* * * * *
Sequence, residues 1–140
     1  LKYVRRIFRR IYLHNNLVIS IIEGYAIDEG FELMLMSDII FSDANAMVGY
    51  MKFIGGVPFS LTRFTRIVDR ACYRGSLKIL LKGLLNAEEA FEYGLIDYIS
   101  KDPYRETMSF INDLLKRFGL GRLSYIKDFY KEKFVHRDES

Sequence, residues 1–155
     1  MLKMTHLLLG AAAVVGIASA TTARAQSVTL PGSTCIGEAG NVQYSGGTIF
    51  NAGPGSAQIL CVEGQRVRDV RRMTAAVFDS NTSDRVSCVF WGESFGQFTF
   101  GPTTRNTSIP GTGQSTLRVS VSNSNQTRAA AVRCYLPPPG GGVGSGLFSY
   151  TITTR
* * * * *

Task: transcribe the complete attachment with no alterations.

Sequence, residues 1–140
     1  LKYVRRIFRR IYLHNNLVIS IIEGYAIDEG FELMLMSDII FSDANAMVGY
    51  MKFIGGVPFS LTRFTRIVDR ACYRGSLKIL LKGLLNAEEA FEYGLIDYIS
   101  KDPYRETMSF INDLLKRFGL GRLSYIKDFY KEKFVHRDES

Sequence, residues 1–155
     1  MLKMTHLLLG AAAVVGIASA TTARAQSVTL PGSTCIGEAG NVQYSGGTIF
    51  NAGPGSAQIL CVEGQRVRDV RRMTAAVFDS NTSDRVSCVF WGESFGQFTF
   101  GPTTRNTSIP GTGQSTLRVS VSNSNQTRAA AVRCYLPPPG GGVGSGLFSY
   151  TITTR